“How do Mad Artists think” workshop at The Pianoman Gurgaon – Timing and Details

Picasso's painting and an African mask

Picasso’s painting and an African mask. A combination of tribal art and the invention of film (among other things), led Picasso towards Cubism.

Workshop Title

How do those Mad Artists Think? Lessons in creativity from the world of Art.

See what happened at previous Mad Artists Workshops >

Workshop duration

4 hours

Date and Time

Saturday, 8th November 2014, 4.30 PM – 8.30 PM

Introductions (10 minutes)

4.30 – 4.40

Introductions, with name and favourite artist, film maker, writer etc.

Post it discussions – ‘Big Words’  (1 hour)

4.40 – 5.20

Discussions on the meaning of ‘Big Words’ from Art and Design and the relationships between them. What’s the difference between Craft and Art for instance? Or what’s the difference between Performance Art and Theatre?

That's me, randomly pasting 'big words' from the world of Art, all over the floor of the workshop space. By process of discussion we will dispel the notion that great art is esoteric.

That’s me, randomly pasting ‘big words’ from the world of Art, all over the floor of the workshop space. By process of discussion we will dispel the notion that great art is esoteric.

5.20 – 5.40

Rearranging the ‘Big Words’ to demonstrate how they all fit into a very logical artistic process.

Break (10 minutes)

5.40 – 5.50

Cigarettes, washroom, answering missed calls

Creative Geniuses from Art History – Part 1 ( 45 minutes)

5.50 – 6.35

Presentation on the arc from Realism to Abstraction and the beginning of Modern Art. Will include musical history too.

Break (10 minutes)

6.35 – 6.45

Creative Geniuses from Art History – Part 2  (55 minutes)

6.45 – 7.40

Presentation on major Art Movements from 1900 to the present, with key figures. Will include musical history too.

The Art of Jazz (20 minutes)

7.40 – 8.00

A short articulation of how to get the most out of any Jazz experience.

Conclusion (30 minutes)

8.00 – 8.30

Questions/further discussions

Address

The Pianoman Garden Cafe,

CK Farms, Carterpuri Road,

Palam Vihar (Near ITM College)

Ph: 8800946360

Map

map

Tributes to Dylan in Kinetic Type – College Design Projects

I was, and still am, pretty obsessed with Bob Dylan.

The footage for ‘Subterranean Homesick Blues’ from D.A Pennebaker’s film ‘Don’t Look Back’ could arguably be described as one of the the first ‘motion type’ videos, couldn’t it? With that in mind, back in college, when we were doing a motion typography course, I thought I’d use his incredibly lyrical song for my project. Here’s what I had made:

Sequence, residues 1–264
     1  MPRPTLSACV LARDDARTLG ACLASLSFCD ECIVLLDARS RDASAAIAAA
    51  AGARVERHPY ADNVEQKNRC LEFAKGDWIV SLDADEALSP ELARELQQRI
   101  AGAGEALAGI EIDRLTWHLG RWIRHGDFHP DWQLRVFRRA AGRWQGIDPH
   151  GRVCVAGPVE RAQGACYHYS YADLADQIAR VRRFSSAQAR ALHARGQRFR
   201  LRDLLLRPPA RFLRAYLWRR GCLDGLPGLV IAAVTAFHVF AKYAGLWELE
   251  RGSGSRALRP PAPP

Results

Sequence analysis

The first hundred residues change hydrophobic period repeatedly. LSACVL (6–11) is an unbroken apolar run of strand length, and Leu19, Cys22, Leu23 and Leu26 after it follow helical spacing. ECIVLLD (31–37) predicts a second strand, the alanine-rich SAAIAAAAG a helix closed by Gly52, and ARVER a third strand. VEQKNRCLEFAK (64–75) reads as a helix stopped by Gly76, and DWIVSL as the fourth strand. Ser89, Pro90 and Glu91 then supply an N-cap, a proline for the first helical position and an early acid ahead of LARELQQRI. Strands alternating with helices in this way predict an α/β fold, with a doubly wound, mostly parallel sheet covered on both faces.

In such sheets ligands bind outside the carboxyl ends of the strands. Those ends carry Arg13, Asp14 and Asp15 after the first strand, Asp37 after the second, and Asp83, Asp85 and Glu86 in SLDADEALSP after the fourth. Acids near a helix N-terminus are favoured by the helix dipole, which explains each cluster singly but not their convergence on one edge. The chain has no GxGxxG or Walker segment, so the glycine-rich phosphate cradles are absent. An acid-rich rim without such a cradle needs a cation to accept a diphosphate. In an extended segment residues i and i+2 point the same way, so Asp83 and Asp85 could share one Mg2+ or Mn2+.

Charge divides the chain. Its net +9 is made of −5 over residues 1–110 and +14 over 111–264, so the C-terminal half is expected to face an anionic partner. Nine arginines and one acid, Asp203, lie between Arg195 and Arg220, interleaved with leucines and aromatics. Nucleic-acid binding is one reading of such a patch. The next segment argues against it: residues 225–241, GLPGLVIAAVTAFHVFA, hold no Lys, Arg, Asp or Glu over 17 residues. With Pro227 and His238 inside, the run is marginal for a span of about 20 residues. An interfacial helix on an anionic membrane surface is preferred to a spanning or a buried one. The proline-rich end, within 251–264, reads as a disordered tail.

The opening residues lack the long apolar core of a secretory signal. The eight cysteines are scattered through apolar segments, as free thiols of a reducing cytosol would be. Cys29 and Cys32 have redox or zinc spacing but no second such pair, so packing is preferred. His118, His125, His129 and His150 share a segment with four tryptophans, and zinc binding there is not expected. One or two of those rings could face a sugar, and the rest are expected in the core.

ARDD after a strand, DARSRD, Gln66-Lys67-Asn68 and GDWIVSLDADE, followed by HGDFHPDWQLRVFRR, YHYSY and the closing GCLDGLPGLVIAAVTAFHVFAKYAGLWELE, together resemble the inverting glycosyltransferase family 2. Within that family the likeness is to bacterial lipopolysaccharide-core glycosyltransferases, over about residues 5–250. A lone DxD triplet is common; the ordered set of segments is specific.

Here’s the original clip of Dylan dropping ‘word cards’ along with Pennebaker’s commentary in the background. Apparently the alley still has construction work going on. 🙂

Here’s another one I did to the words from ‘Tambourine Man’ using completely analog means. I dropped hand written ‘word cards’ just like Dylan, only I dropped them from under a light table (a back lit table we used to use to trace stuff). I kept the unedited sound because it sounded nice and dark and spooky, and seemed to add value to the video. It was a happy accident, in keeping with my theory of how randomness helps me in design.

I was inspired to do this post by Blockader’s post ‘Now for something completely different’ in which he digs out a college comic project he did in the 1980s. Thanks Blockader.

It’s also interesting, when you dig into college work, to see what typefaces you used back then. Typeface preferences change so drastically. I’d probably never use Palace Script ever again, though it’s renegade ‘god save the queen’ sort of attitude’ mirrored my own approach to life back then. The cynicism I felt for the outdated flourishes in the script (using them as a parody almost) mirrored my own disparaging opinion of institutions.

Also It makes me miss the creative licence of the world of academia, and the truly ‘open’ approach to design, far from the conundrum of commercial art I mentioned in this post.

 

The looped video phenomenon. A precis of our culture?

They’ve seduced us haven’t they? They’re passed around as animated gifs which makes them even more light and shareable. No buffering time, you get your kicks in seconds, what’s not to like?

The thing that strikes me is that behind the frivolity and the hedonism of watching animals and people do funny things on loop, lies something softer and more subtle that has lent itself to their popularity.

Think of those videos of old, like the ones from the History Channel archives. Silent films, ranks of soldiers marching in Hitler’s Germany, arms swinging faster than usual. Think of the grainy family footage from the Wonder Years, of baby Kevin Arnold splashing about in an inflated pool .

The visual quality of the looped video phenomenon has a lot in common with this kind of impressionistic footage, wouldn’t you agree? They’re often silent, equally grainy and visceral, and allow you to use your imagination to fill in the gaps.

It corresponds with the way we remember things, speeding up time, making summaries of things, jettisoning linearity and savouring of the moments that mattered.

There’s some high quality content out there on YouTube archiving every day in the life of the world, but if the popularity of SnapChat and Vine are to be taken into account, a precis version of our culture is being created too.